But as snazzy as this site is, it is still a work in progress. If you go to the meeting calendar database, you are provided with the date, the support group, and the city. No time, and no contact telephone number. Solution: Work your way back through the website and click on support groups. One more click and you get the details, including the phone number, on the support group you seek.
The Prostacint site debuted only last month. When its two databases get linked, so grandma and grandpa can click through in a direct sequence to what they are looking for, then this site will really fulfill its potential.
-- Barbara Fox
This article by Allen N. Jones of Merrill Lynch was published in U.S. 1 Newspaper on August 26, 1998.
by Allen N. Jones
When it comes to estate planning, Americans have good intentions but many are not taking sufficient action to meet their goals. A Merrill Lynch survey on Americans' attitudes about estate planning has found a disturbing gap between what people know they should do, and what they actually do.
The survey, conducted in mid-1997 through International Communications Research, was comprised of 895 individuals aged 45 and older. Most people (85 percent) said they had given some thought to providing for their loved ones. But less than a third (30 percent) actually said they felt well prepared in the event something should happen. Nearly 71 percent reported having a will, but only about half reported having one that was current at the time of the survey.
Many people are unaware of federal estate tax laws and, therefore, may be underprepared even with a will. Only 55 percent of respondents knew that federal estate taxes were applied to estates in excess of $600,000 at the time of the survey ($625,000 for 1998). Just 31 percent knew that estate taxes are due within nine months of a death.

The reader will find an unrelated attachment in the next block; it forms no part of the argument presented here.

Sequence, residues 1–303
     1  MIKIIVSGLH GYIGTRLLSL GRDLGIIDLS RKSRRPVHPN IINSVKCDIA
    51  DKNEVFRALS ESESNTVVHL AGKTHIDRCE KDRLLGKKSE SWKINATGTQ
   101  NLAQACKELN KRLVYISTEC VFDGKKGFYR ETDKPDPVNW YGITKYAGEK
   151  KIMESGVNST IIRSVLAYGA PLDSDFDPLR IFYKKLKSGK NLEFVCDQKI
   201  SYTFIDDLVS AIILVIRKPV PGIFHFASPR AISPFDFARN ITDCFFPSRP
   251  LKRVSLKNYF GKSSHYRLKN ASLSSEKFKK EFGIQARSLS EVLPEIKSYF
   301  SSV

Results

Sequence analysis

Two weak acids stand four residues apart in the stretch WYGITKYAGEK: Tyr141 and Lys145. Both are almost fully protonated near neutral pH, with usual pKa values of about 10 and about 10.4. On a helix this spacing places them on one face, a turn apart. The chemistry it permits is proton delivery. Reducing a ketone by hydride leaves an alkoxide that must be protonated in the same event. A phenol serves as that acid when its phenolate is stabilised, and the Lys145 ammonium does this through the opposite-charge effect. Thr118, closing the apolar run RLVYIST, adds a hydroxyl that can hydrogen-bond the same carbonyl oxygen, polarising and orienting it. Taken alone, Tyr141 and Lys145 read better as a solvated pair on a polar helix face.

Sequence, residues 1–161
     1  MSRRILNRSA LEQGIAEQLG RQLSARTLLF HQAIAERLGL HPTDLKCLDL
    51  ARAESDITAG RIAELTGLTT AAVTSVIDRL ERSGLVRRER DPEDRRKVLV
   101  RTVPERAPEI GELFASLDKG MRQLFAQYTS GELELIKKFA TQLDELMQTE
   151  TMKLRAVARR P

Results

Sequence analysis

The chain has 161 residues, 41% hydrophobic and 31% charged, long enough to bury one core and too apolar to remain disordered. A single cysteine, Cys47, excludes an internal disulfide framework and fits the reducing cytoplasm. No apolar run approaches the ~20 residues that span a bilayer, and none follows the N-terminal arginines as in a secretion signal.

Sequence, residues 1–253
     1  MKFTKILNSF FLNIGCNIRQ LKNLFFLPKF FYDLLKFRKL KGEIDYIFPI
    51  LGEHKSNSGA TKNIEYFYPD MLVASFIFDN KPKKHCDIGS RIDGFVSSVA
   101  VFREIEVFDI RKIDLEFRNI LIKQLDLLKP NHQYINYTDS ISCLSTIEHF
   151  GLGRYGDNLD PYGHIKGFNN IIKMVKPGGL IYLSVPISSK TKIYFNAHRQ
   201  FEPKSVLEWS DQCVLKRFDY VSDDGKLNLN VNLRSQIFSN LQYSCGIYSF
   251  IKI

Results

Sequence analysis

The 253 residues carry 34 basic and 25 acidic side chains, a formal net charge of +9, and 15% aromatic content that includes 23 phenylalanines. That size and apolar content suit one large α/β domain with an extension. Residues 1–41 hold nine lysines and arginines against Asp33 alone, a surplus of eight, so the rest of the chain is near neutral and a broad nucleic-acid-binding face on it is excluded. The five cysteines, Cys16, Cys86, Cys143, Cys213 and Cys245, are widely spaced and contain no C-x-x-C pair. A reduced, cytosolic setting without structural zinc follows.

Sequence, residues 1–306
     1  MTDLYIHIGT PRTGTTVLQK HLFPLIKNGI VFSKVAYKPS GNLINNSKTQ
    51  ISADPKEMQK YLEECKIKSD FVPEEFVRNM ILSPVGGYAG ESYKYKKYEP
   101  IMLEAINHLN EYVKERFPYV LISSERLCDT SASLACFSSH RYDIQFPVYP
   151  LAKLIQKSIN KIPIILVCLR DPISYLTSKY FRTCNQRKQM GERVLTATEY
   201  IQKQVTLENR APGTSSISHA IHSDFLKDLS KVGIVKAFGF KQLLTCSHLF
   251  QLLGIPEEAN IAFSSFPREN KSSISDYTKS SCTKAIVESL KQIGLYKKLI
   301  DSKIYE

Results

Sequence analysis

People also may mistakenly assume that preparing for the future means providing only for children or other dependents of the next generation. Only 13 percent said they have arranged for the care of elderly dependents. Yet people realize they may easily become a part of the "sandwich generation," caring for both children and ailing parents -- 44 percent of respondents said it was important to plan for the care of elderly relatives.
Interestingly, women placed more importance on specific estate planning steps than men. More women than men said it was important to organize financial records (84 percent versus 64 percent) and have a written plan (54 percent versus 37 percent). Yet more men than women (77 percent versus 60 percent) knew that estate planning strategies can reduce estate taxes and have consulted a professional (65 percent versus 59 percent).
People who do attempt to plan may take the wrong steps if they have incorrect or incomplete information about estate planning. Here are 10 common estate-planning misconceptions and mistakes to avoid:
The Mercer County Bar Association offers free 15-minute consultations -- which could include advice on wills and estates -- on Wednesday, September 9, 5:30 to 7:30 p.m., at the Triangle Art Center, Darrah Lane & Route 1. Call 609-585-6200.
This page is published by PrincetonInfo.com -- the web site for U.S. 1 Newspaper in Princeton, New Jersey.